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A La Carte (April 23)

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The Lord be with you and the Lord bless you today.

There is, once again, a nice list of Kindle deals for anyone who is looking for something good to read.

Choosing the Public Scripture Readings : Three Approaches

Gradon Schaub offers three different approaches to one of those elements of worship that, in so many contexts, has gone sadly missing. “A few years ago, I visited a local Anglican church. As a Baptist, we tout ourselves as people of the Book; we are fiercely committed to Scripture. But as I observed this Anglican worship service, I realized that in one service, more Scripture was read aloud than I had heard in a year during my childhood in the Baptist church.”

Reparations: A Critical Theological Review

The best critical book reviews teach the reader not just about the book but about the topic. That’s exactly the case with Kevin DeYoung’s thorough review of a new book about reparations. It’s worth taking the time to read the whole thing.

17 Things to Pray for Church Children

It’ll be 17 for Presbyterians and 16 for Baptists unless they substitute number 5 with “that they will profess faith be baptized.”

Richard Dawkins Blindsided by The Sexual Spaghetti Monster

“How intriguing. Richard Dawkins has just had his Humanist of the Year title withdrawn by the American Humanist Society, because of, well, because of his humanist zeal.”

Why the Puddle Analogy Fails against Fine-Tuning

Tim Barnett examines the popular puddle analogy to show why it is not slam dunk against Christianity (as some seem to think).

A Pastor’s Antidote for Comparison

“Your ministry setting, the people you shepherd, and the circumstances in each season of your ministry are all part of the Chief Shepherd’s assignment for you. Stop comparing yourself with others. You, pastor friend, keep your eyes on Jesus. You follow Christ.”

Flashback: Don’t Tweet that Sermon!

It is one thing to glance over and see that the person beside you has his phone in his hand and is using the ESV app. It’s another thing entirely to glance over and see that he is accessing Twitter or Facebook.

The gracious God is pleased to esteem it his glory to have many beggars thronging at the beautiful gate of his temple, for spiritual and corporal alms.

—George Swinnock

  • Tell Me

    Why Didn’t You Tell Me?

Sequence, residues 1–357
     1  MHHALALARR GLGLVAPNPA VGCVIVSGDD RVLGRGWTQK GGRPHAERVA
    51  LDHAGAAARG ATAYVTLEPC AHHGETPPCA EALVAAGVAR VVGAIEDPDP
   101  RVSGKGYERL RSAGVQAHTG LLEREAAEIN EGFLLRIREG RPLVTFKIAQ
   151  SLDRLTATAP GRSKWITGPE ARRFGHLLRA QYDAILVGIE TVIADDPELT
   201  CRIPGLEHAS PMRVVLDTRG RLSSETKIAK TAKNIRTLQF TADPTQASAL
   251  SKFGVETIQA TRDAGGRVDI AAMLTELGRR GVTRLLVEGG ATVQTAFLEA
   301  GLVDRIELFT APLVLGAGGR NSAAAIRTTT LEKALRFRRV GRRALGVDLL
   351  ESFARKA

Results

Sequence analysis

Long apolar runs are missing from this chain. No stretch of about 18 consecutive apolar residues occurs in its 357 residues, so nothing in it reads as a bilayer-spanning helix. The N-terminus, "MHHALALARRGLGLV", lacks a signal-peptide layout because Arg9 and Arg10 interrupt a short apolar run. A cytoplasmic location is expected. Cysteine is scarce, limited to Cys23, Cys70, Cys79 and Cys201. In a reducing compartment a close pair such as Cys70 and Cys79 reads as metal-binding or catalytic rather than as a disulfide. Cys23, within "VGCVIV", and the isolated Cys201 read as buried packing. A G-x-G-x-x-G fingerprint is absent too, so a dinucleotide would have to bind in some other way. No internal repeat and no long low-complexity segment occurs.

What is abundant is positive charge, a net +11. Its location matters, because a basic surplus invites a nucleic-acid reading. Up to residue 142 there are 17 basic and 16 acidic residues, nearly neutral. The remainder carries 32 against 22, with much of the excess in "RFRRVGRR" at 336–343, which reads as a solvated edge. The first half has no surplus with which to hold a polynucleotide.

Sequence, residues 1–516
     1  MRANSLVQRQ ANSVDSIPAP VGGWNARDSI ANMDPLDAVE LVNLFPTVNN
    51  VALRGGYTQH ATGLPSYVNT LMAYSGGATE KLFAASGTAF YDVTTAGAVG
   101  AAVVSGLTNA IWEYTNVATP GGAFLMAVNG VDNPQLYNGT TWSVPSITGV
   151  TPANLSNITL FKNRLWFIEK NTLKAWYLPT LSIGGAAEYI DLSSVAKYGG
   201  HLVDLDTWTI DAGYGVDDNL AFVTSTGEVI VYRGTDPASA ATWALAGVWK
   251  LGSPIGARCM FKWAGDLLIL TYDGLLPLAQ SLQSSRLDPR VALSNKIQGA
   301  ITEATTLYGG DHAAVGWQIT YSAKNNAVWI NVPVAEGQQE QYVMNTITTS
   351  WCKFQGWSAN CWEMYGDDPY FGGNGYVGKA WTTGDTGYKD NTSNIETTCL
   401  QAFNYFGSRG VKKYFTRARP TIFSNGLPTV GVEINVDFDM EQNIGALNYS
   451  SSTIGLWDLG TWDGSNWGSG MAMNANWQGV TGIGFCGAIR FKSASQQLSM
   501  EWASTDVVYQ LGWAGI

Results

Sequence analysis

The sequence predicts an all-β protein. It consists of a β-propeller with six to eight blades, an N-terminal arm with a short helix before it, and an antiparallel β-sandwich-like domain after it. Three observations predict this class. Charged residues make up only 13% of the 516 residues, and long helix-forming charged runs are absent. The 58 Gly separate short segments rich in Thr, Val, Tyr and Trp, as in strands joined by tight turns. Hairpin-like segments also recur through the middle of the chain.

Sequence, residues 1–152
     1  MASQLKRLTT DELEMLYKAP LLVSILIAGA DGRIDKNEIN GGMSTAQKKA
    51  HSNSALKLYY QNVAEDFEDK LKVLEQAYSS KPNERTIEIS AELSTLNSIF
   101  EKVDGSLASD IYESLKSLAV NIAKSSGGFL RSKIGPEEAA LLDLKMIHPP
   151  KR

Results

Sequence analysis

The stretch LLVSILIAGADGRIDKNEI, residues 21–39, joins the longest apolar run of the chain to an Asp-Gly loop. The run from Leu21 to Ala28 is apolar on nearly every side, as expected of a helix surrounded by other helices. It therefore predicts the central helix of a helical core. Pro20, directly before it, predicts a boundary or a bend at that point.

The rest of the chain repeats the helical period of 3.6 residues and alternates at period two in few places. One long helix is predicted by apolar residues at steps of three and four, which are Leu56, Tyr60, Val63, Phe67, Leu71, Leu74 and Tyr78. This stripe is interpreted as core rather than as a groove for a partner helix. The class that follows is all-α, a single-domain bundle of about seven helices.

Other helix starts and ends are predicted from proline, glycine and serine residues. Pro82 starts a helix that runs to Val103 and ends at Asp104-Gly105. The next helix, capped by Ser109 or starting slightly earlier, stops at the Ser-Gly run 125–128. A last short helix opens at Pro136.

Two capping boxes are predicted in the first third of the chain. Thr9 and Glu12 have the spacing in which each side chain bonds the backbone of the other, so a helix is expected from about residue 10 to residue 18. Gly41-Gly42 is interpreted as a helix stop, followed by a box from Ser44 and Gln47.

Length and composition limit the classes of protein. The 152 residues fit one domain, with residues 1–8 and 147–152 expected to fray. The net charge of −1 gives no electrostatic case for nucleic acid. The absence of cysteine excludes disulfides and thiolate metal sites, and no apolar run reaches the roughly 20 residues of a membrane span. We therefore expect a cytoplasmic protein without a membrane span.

If you have spent any time at all on YouTube, you have probably seen videos of people hearing for the first time or people seeing color for the first time—videos of people who, through the miracles of modern science, have senses restored that had either been missing altogether or that had become dull through illness…

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    A La Carte (February 26)

    A La Carte: How not to apply the Bible / 30 people in the New Testament confirmed / Taylor Swift and Christianity / But I did everything right / 10 reasons the Old Testament matters to Christians / Kindle deals / and more.

  • We All Have To Do With God

    We All Have To Do With God

    Every one of us must deal with God. Every one of us must, at some time, face God. Every one of us must be prepared to give an account to God. For, as Scripture says, “Neither is there any creature that is not manifest in his sight: but all things are naked and opened unto…

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    Weekend A La Carte (February 24)

    A La Carte: Wherever he leads, he’ll go / Britain’s loneliest sheep / Helping your teen with porn / How do the Arminian and Calvinist views of election differ? / Exposing the good in digital distractions / Kindle deals / and more.

  • Free Stuff Fridays (Coram Deo Pastors Conference)

    This week the blog and this giveaway are sponsored by the Coram Deo Pastors Conference. Dear brother pastor, In a spirit of prayerful expectation, I want to invite you to the Coram Deo Pastors Conference. This new event is hosted by Clearly Reformed (a new ministry I help to lead) and Christ Covenant Church (where…

  • The Kindness of God

    God’s Goodness in a Cruel World

    There is much to love and appreciate about our God, much for which we ought to give him praise and thanks. One of the attributes we may consider too seldom is his goodness, and as an aspect or component of his goodness, his kindness. And that is the subject of